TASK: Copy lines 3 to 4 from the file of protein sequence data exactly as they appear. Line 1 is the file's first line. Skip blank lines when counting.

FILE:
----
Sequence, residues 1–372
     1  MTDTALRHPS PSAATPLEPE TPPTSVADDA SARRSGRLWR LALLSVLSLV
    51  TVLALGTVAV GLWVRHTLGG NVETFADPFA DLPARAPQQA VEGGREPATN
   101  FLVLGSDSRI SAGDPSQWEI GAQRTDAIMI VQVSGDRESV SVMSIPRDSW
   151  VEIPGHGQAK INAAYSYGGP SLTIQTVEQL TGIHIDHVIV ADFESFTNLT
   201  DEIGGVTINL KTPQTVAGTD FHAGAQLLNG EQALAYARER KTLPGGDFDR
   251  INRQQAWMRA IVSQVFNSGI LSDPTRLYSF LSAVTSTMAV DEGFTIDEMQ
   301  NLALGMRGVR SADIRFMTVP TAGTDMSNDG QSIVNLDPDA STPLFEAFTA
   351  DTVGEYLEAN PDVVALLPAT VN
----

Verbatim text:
    51  TVLALGTVAV GLWVRHTLGG NVETFADPFA DLPARAPQQA VEGGREPATN
   101  FLVLGSDSRI SAGDPSQWEI GAQRTDAIMI VQVSGDRESV SVMSIPRDSW